- How Statisticians and Data Scientists could learn from each other
KPMG Collins Square Tower Two Level 36
Save the date for a special event. We'll be hearing from Xavier Conort, chief data scientist at Data Robot plus other speakers to be announced shortly. This event is a KPMG 'Diversity in Data' event and you should sign up at this link.... https://www.eventbrite.com.au/e/diversity-in-data-tickets-50893648272 Xavier Conort http://www.labourbeat.org/2018/09/20/what-does-a-data-scientist-do/ Data Scientists have been highly successful at automating modeling through Machine learning, and continue to build capabilities to extract powerful insights at an impressive pace. On the other hand, Statisticians have been attempting to manually build complex and robust models with features from Generalized Linear Models (GLMs), such as p-values, exponential distributions, link functions, offsets and mixed models. These GLMs functions are little-known by Data Scientists while Statisticians may dismiss Machine Learning tools that they find too complex, calling them “black boxes”. Are Statisticians missing something here that could present important opportunities to help them find patterns and build solutions for the increasingly larger and more complex ranges of data? This presentation will show that Statisticians and Data Scientists can complement, and learn important practices from each other. The Xgboost package, one of the most popular open source projects, is a good example of such collaboration.
- In the Office with Medibank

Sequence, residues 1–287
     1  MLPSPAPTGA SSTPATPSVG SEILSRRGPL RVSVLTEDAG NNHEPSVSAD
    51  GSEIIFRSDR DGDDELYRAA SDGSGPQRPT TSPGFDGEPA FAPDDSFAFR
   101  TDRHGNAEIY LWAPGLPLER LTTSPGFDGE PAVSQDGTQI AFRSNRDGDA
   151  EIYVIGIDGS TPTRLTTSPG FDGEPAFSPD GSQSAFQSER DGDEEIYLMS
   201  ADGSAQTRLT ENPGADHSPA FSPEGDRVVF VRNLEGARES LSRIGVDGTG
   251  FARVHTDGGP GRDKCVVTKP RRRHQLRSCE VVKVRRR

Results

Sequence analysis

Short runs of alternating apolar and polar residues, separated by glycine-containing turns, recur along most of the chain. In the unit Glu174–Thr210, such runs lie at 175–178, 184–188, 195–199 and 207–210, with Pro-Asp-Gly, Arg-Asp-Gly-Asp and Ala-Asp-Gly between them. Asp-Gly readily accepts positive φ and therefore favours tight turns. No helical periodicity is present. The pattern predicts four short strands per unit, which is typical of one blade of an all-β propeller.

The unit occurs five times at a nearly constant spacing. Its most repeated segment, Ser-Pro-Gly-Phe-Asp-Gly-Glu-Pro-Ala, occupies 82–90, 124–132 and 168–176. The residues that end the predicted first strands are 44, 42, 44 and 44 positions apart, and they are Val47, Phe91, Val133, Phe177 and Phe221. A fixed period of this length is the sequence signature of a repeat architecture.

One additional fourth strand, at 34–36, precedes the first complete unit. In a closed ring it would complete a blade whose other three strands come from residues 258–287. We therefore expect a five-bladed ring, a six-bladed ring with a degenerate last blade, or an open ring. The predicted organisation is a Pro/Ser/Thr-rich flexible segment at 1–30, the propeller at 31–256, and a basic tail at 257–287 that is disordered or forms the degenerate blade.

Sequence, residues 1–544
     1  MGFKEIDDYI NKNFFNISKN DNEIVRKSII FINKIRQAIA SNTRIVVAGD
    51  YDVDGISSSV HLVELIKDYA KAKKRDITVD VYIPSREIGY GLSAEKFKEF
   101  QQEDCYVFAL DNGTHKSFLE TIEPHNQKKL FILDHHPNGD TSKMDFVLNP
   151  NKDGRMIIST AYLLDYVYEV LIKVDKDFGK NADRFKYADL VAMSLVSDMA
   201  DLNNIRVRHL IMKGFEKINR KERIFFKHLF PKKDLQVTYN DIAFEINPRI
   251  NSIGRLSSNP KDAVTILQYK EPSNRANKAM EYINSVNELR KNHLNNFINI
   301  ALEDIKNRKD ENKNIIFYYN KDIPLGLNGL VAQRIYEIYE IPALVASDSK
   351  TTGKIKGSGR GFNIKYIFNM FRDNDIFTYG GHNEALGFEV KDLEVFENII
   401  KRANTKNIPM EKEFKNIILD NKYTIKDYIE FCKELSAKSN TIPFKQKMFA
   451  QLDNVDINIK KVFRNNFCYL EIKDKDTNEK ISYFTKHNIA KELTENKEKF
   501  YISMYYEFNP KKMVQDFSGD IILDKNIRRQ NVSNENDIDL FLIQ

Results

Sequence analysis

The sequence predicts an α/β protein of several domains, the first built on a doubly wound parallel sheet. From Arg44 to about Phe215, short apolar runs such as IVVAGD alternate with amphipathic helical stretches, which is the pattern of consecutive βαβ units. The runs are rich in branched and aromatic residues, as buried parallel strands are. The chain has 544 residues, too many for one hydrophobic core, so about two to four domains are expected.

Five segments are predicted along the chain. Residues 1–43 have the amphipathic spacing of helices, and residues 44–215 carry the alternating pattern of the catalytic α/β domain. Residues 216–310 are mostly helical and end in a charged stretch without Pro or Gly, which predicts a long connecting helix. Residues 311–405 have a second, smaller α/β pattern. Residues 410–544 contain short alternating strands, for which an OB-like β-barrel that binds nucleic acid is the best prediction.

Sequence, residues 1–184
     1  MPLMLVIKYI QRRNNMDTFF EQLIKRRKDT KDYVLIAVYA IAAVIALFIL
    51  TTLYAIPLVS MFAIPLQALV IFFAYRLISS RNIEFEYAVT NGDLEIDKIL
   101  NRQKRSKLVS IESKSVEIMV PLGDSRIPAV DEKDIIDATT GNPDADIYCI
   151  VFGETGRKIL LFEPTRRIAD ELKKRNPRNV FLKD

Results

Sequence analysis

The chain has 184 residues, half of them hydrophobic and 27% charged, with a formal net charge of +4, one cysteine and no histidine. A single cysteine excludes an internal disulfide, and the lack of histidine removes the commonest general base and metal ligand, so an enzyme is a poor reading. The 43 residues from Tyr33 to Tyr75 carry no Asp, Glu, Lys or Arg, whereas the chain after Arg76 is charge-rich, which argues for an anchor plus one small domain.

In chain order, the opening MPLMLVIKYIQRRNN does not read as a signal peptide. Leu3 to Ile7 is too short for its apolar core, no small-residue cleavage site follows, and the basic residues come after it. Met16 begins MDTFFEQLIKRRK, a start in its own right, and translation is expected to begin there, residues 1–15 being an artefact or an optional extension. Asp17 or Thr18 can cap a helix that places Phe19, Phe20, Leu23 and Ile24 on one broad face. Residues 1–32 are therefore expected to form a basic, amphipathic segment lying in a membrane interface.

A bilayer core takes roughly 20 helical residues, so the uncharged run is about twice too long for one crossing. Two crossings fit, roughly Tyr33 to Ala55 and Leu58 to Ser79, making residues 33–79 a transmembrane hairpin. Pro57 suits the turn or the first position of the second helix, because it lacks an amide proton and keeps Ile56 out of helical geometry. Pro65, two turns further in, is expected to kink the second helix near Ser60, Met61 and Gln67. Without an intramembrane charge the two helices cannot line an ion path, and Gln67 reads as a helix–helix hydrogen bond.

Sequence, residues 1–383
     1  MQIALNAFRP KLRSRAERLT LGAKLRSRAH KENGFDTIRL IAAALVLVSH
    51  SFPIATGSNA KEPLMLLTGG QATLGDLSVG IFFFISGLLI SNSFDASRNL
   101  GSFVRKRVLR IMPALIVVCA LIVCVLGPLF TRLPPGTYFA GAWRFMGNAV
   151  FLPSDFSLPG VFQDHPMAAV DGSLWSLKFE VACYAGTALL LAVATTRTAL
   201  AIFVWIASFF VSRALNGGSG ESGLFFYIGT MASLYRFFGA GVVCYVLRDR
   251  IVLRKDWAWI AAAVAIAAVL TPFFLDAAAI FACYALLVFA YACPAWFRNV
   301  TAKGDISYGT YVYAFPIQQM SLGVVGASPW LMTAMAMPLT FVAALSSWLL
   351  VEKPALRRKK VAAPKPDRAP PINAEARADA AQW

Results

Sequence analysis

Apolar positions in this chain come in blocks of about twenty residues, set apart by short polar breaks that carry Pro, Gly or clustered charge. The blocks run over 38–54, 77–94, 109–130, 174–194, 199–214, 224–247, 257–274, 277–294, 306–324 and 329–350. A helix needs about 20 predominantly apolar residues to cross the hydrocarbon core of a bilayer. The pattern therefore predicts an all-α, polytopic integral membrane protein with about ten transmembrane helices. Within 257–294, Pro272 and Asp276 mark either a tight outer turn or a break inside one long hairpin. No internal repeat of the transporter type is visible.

Please note in order to give the opportunity for a greater variety of members to attend, this event is at 3pm-5-5:15pm. Please only RSVP if you can make this time slot as places are strictly limited. We will also be checking people in for building security purposes, so we will know who the no shows are. There will be 3 x 25 minute talks starting at Talks 3:00 with refreshments and networking from 4:30 - 5:15. Natalie Kelly https://www.linkedin.com/in/natalie-kelly-gaicd-093b8042/ Analytics adding business value In a world of big data, predictive analytics, AI and more, how do you ensure that analytics simply adds value to a business. Analysts need to work with the business to define a problem, generate insights, create actionable recommendations and clearly communicate their findings to stakeholders. This approach will help unlock the potential in data and analytics and ensure that they remain front and centre in all decision making in a business. Sandeep Reddy https://www.linkedin.com/in/sandeepreddy/ Artificial Intelligence enabled healthcare delivery In recent years there has been massive progress in Artificial Intelligence (AI) with the development of Deep Neural Networks, Natural Language Processing, Computer Vision and Robotics. These techniques are now actively being applied in healthcare with many of the health service activities currently being delivered by clinicians and administrators predicted to be taken over by AI in the coming years. However, there has also been exceptional hype about the abilities of AI with a mistaken notion that AI will replace human clinicians altogether. These perspectives are inaccurate and if a balanced perspective of the limitations and promise of AI is taken, one can gauge which parts of the health system AI can be integrated to make a meaningful impact. The four main areas where AI would have the most influence would be: patient administration, clinical decision support, patient monitoring and healthcare interventions. This health system where AI plays a central role could be termed an AI enabled, or AI augmented health system. In this talk, I will discuss how this system can be developed based on a realistic assessment of current AI technologies and predicted developments. James Bailey https://www.linkedin.com/in/james-bailey-603b49/ Delivering feedback for performance improvement: A case study on self-guided surgical training using machine learning Feedback technology is a critical requirement in education, to improve the performance of students and trainees. The rise of environments such as digital simulation provides a rich environment for collecting data, monitoring and providing feedback. In this talk, we will overview some of our recent work in this area for training surgeons in a cochlear implant procedure, which is based on the use of machine learning algorithms.